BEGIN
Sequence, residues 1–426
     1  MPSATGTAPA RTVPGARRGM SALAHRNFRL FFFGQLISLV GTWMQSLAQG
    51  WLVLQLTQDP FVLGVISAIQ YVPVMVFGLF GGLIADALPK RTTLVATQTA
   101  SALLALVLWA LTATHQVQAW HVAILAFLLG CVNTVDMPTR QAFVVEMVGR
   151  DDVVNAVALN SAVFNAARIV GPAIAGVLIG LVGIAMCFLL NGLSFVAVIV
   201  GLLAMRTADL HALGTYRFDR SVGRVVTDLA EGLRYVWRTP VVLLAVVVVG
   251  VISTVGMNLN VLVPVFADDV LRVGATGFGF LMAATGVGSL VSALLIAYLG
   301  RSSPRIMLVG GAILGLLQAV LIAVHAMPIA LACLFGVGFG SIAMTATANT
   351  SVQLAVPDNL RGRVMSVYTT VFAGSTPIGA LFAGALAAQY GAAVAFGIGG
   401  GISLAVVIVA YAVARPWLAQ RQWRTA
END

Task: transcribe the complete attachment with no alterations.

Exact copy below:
Sequence, residues 1–426
     1  MPSATGTAPA RTVPGARRGM SALAHRNFRL FFFGQLISLV GTWMQSLAQG
    51  WLVLQLTQDP FVLGVISAIQ YVPVMVFGLF GGLIADALPK RTTLVATQTA
   101  SALLALVLWA LTATHQVQAW HVAILAFLLG CVNTVDMPTR QAFVVEMVGR
   151  DDVVNAVALN SAVFNAARIV GPAIAGVLIG LVGIAMCFLL NGLSFVAVIV
   201  GLLAMRTADL HALGTYRFDR SVGRVVTDLA EGLRYVWRTP VVLLAVVVVG
   251  VISTVGMNLN VLVPVFADDV LRVGATGFGF LMAATGVGSL VSALLIAYLG
   301  RSSPRIMLVG GAILGLLQAV LIAVHAMPIA LACLFGVGFG SIAMTATANT
   351  SVQLAVPDNL RGRVMSVYTT VFAGSTPIGA LFAGALAAQY GAAVAFGIGG
   401  GISLAVVIVA YAVARPWLAQ RQWRTA